Saturday, May 19th, 2007

"Gone but not forgotten"

On the 105th anniversary of the Fraterville Mine Disaster, over 140 descendants and friends attended a free tour of several of the historic mine disaster sites. 
On May 19, 1902, after a violent explosion at 7:30 a.m., the mines grew still in Fraterville.  The public was invited to participate in a free bus tour on the 105th anniversary of this disaster to honor the 216 men and boys who perished.  As documented on many of their headstones, they are “gone, but not forgotten”

Tour attendees take the walk to the Fraterville Mine Site.   The tour was free, courtesy of the Coal Creek Watershed Foundation, Inc. 


Watch video by NBC WBIR-TV

Read Courier News article

Ten of the Fraterville miners left farewell messages before they suffocated.  Those messages were published in newspapers nationwide and raised public awareness about the dangers of early 20th century coal mining. 

Fraterville Miners' Circle
at Leach Cemetery
listed on the National Register
of Historic Places

Photo of the
Fraterville Mine
in 1902

Click on image to enlarge

Rescue parties went through the
Thistle Mine portal to access the
Fraterville Mine after the

Friends and relatives gathering
outside the adjacent Thistle Mine
awaiting word of the rescue efforts

First Stop:  Leach Cemetery where 89 Fraterville miners are buried.   Fraterville Miners’ Circle in Leach Cemetery, is in Lake City, Tennessee.  Lake City was formerly known as the town of Coal Creek.  The Miners' Circle's was placed on the National Register of Historic Places, our Nation's official list of cultural resources which define who we are as a people and a Nation.
The tall monument in the background stands in the center of the graves that are placed in concentric circles.  It has the names of the Fraterville miners carved into it so we may never forget the names of the miners who worked so we can have easier lives today.
Second Stop:  In Longfield Cemetery, we saw where the family of Jacob Vowell honored his final request by burying Jacob and his son Elbert in the same grave near Jacob’s infant son Eddie, who had died in 1899.  Also, see the grave of Condy Harmon who did not follow the advice in his father Powell Harmon’s farewell message (i.e. my boys, Henry and Condy, never work in the coal mines).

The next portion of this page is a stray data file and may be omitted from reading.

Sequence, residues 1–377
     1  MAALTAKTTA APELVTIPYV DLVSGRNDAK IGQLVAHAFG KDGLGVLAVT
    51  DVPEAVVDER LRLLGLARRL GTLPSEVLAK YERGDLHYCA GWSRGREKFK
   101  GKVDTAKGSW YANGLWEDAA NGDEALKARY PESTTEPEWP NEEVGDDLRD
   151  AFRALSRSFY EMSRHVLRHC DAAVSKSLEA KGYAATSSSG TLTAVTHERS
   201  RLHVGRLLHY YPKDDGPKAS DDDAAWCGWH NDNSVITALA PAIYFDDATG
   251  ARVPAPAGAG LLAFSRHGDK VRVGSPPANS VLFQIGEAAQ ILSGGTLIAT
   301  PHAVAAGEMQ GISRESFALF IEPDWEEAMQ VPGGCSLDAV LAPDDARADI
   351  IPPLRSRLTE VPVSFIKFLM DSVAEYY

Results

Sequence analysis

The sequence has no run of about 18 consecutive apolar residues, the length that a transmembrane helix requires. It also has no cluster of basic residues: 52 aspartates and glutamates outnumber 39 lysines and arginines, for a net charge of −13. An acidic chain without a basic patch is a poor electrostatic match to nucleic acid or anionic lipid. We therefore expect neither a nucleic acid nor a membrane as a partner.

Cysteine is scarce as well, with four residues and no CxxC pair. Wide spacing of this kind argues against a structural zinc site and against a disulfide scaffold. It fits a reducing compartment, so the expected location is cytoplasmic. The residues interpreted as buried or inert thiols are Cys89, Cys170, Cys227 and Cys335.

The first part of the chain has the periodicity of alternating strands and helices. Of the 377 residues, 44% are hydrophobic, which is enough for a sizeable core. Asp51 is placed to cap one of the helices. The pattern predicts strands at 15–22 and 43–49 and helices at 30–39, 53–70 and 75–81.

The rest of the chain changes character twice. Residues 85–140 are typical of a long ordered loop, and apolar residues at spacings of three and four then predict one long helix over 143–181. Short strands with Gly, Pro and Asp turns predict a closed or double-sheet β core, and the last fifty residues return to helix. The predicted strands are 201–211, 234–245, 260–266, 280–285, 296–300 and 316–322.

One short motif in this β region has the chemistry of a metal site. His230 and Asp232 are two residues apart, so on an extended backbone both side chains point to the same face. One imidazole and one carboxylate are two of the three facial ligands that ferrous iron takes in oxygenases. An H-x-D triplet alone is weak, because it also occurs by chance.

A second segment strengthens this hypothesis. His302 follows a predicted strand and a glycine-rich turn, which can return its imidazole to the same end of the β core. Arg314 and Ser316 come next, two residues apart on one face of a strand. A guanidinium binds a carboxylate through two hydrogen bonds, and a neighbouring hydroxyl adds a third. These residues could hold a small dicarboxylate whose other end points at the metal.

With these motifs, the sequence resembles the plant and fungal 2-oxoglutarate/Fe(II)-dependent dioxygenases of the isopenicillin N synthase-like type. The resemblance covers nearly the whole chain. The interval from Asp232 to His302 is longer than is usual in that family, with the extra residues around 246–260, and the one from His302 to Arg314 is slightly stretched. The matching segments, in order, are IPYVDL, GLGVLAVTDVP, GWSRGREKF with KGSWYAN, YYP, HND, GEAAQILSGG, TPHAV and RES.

Longfield Cemetery caretaker JoAnn Hill thanks the crowd

Karen Haefeker from Florida, the great, great, great grandaughter of Jacob Vowell reads his farewell message at his and his son Elbert's gravesite where they were buried together as their farewell message requested.
Our tour guide, Barry Thacker, assists one of the descendants of Powell Harmon as they read Powell's farewell message at his gravesite where he is buried next to  his son Condy who died nine years later in the Cross Mountain Mine Disaster of December 9, 1911.
Louise Nelson, the granddaughter of David Dezern, is interviewed for a documentary about the mine disaster.
Third Stop:  Fraterville Itinerant Miners Cemetery located in the back of Owen & Zenith Bailey's back yard.  Bodies recovered from the mine were brought by rail to this point to be identified and claimed by their families.  The unidentified migrant workers' bodies who were not claimed were buried here.
Fourth Stop:  The Fraterville Mine Disaster site.  Where families and rescue workers gathered at the time of the mine disaster.  Descendants and friends shared a special moment on this 105th anniversary of the mine disaster.
Ernie Dezearn (left) stands in front of the mine entrance.  He is a descendant of Went Dezearn who was the only one of the six brothers not in the mine the day of the disaster.  Five brothers and two of their brothers-in-law perished in the disaster.  Records show DeZern was spelled several different ways.
Dave Hightower traveled from Michigan to attend the tour and honor his ancestors James and Bart Hightower.

If you would like to contribute to the care of the historic cemeteries visited on the tour today, or you would like to assist in furthering the education of the students from Briceville School, please use the following addresses:

c/o David Dew
P.O. Box 455
Lake City, TN 37769

c/o JoAnn Hill
P.O. Box 187
Lake City, TN 37769

c/o Ms. Anna Mae Evans
P.O. Box 294
Briceville, TN 37710

Coal Creek Watershed Foundation
3502 Overlook Circle
Knoxville, TN 37909

Links to other Fraterville Mine Disaster events

[Master Plan] [Map] [Photo Gallery]
[Bank Stabilization Projects]
[Deadwood Removal Days] [Discovery Day 2000] [Scrape, Paint & Clean Day 2000
[Historic Fraterville Mine Disaster Field Trip 2001] [Fraterville Mine Disaster 100th Anniversary]
[Coal Creek War and Mining Disasters] [Mine Reclamation Lessons]
[CMD] [Economic Benefits] [Motor Discovery Trail] [Historic Cemeteries]
[Partners] [Schools in Watershed] [Mark the Trail Day]
[Awards] [Coal Creek Health Days]
[Briceville School History Field Trips] [Ghost Stories]
[Trout Stuff] [Join Us] [Eastern Coal Region Roundtable]
[Articles in the News] [Dream Contest]

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